For many, the use of corporal punishment in Southeast Asia represents a clash of civilizations between Asian values and an ever changing view of what defines human rights that is all too common in liberal western cultures. Ironically though, the use of corporal punishment in Southeast Asia today has it's origins in British Common Law. It's an anachronism alright, it's just not Islamic.
In 1871, the common law was replaced with the Straits Settlements Penal Code Ordinance IV. It was based on the Indian Penal Code, which had been enacted in 1860 to unify the criminal laws of the various provinces in India.
Offenses punishable by whipping in the Penal Code were robbery, aggravated forms of theft, house trespass or house breaking, assault with intent to outrage modesty, and a second or subsequent offense of rape, or a second or subsequent offense relating to prostitution or living on or trading in prostitution.
This list of "whipping offenses" is broadly similar to that of England and Wales at the time.Corporal punishment as a judicial penalty was abolished in England, Wales and Scotland in 1948, and in India in 1955. In all parts of Malaya, however, as in Hong Kong, caning has been retained as a primary penal sanction.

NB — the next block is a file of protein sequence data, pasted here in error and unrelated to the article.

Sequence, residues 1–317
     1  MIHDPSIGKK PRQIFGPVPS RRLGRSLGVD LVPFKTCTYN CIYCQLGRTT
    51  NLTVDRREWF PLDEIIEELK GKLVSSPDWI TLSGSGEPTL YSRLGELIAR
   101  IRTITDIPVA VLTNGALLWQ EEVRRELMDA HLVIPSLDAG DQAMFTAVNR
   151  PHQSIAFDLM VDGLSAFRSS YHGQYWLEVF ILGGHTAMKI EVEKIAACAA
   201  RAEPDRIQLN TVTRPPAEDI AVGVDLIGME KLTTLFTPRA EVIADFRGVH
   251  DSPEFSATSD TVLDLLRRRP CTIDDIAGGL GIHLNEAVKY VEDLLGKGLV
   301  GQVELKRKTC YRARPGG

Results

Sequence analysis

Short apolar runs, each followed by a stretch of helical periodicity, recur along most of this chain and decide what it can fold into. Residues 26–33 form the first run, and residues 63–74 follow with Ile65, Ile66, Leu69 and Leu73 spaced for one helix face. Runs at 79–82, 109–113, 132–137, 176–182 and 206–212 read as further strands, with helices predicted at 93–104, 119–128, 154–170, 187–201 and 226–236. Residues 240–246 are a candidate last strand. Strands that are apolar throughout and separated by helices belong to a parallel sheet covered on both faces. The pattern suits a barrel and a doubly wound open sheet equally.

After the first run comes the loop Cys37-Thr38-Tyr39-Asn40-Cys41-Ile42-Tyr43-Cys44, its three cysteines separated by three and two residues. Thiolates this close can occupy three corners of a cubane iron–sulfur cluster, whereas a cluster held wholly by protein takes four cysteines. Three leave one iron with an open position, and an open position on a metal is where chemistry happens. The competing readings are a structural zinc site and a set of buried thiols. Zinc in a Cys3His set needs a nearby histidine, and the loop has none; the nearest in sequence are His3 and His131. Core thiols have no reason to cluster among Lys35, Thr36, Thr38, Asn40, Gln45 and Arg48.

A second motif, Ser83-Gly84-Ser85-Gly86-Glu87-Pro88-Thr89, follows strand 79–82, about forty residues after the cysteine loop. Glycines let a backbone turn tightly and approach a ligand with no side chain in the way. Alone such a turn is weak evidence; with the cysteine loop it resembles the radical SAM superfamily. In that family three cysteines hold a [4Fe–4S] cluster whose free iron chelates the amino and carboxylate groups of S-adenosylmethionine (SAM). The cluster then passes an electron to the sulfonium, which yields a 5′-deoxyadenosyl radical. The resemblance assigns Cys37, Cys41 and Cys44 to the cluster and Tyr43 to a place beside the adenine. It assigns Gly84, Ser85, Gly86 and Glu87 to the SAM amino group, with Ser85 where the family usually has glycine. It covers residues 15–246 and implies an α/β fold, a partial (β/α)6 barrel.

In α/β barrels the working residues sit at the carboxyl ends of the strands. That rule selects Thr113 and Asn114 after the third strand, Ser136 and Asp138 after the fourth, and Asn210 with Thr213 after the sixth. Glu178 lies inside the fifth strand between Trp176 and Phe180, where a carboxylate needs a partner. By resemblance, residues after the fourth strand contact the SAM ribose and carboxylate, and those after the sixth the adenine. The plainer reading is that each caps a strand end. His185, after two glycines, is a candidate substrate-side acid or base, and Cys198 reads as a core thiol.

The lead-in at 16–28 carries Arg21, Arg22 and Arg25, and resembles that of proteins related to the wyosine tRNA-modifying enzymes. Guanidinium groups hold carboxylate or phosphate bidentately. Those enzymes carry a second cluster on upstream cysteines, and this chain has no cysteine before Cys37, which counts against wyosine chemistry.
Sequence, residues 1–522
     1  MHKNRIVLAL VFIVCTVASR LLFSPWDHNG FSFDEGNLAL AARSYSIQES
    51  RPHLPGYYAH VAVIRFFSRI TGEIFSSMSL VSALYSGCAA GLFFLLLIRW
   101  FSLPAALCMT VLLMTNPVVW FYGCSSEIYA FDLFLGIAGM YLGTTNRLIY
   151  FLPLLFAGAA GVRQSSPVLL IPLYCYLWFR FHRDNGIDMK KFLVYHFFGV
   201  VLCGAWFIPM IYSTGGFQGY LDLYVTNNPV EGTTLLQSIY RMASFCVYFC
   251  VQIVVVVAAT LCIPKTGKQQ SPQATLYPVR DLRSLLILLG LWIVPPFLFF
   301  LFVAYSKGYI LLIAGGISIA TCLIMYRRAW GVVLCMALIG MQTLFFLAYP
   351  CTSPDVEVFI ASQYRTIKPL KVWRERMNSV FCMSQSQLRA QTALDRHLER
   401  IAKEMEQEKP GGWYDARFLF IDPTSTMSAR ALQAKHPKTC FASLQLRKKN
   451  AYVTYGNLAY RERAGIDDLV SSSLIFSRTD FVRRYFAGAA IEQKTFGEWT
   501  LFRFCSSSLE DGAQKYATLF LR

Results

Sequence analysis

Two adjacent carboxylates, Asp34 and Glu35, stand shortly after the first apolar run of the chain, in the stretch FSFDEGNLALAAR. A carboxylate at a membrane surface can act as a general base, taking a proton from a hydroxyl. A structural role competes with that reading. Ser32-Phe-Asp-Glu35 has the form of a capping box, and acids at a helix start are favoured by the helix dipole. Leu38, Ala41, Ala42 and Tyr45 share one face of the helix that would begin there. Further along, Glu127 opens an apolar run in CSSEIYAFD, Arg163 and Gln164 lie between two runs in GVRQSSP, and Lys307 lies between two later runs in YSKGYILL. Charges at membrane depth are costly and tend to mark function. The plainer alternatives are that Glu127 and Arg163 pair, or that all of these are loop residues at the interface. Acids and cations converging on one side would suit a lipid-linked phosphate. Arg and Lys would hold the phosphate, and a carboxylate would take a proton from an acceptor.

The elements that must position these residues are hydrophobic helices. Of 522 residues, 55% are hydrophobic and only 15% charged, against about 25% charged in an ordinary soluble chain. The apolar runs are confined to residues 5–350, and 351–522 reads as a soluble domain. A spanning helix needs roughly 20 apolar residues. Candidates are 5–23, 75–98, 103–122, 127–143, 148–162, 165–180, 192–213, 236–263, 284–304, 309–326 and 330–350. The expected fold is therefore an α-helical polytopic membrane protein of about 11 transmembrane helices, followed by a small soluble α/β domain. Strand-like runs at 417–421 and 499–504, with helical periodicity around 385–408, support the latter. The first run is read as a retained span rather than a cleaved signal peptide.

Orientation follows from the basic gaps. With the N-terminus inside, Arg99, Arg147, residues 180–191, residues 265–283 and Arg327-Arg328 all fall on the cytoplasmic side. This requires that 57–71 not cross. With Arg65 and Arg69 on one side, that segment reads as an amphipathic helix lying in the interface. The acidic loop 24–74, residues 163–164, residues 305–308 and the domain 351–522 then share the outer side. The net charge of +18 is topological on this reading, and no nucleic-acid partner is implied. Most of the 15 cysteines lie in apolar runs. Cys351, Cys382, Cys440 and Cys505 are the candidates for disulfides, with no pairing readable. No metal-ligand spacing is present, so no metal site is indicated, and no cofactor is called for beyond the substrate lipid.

The six minute video entitled "Malaysian Caning Judicial Corporal Punishment" along with photos can be seen here.
My rough translation of the video is as follows:
Officer: Your number and full name.
Convict: Azman Bin Hassan
Officer: Azman, You are in jail for 10 years (5 years) and 20 strokes. Understand?
Officer: So this morning we are to give you 20 strokes. Do you understand?
Convict: Yes I Understand.
Officer: Turn around
Officer: "Dua Puluh Kali Se Batang!" -- 20 strokes of the cane
The rest is simply counting the strokes and is pretty much self-explanatory
It should be noted though that corporal punishment is carried out every day in the United Kingdom and throughout the United States -- the only difference is that outside of Southeast Asia, it is administered by lawless thugs and yobs to the old, the weak, and those who are helpless to fight back.
And on that note, Malaysia's Deputy Internal Security Minister Fu Ah Kiow was justified in saying:
"Let's not be hypocritical about this. Look at the harm done to victims of drug pushers and drug users, and the increase in violent crime ... We must show more concern to the victims than to the convicts."